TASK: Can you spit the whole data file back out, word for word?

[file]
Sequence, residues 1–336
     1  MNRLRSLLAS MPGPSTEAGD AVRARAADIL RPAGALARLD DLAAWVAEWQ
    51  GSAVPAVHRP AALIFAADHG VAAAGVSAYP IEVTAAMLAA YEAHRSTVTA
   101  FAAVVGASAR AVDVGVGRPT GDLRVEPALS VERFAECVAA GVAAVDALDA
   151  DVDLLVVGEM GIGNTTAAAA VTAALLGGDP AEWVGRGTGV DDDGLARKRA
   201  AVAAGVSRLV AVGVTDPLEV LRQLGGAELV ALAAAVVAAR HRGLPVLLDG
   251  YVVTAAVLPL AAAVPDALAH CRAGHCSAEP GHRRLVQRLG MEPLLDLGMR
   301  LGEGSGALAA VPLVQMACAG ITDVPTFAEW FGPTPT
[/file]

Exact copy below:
Sequence, residues 1–336
     1  MNRLRSLLAS MPGPSTEAGD AVRARAADIL RPAGALARLD DLAAWVAEWQ
    51  GSAVPAVHRP AALIFAADHG VAAAGVSAYP IEVTAAMLAA YEAHRSTVTA
   101  FAAVVGASAR AVDVGVGRPT GDLRVEPALS VERFAECVAA GVAAVDALDA
   151  DVDLLVVGEM GIGNTTAAAA VTAALLGGDP AEWVGRGTGV DDDGLARKRA
   201  AVAAGVSRLV AVGVTDPLEV LRQLGGAELV ALAAAVVAAR HRGLPVLLDG
   251  YVVTAAVLPL AAAVPDALAH CRAGHCSAEP GHRRLVQRLG MEPLLDLGMR
   301  LGEGSGALAA VPLVQMACAG ITDVPTFAEW FGPTPT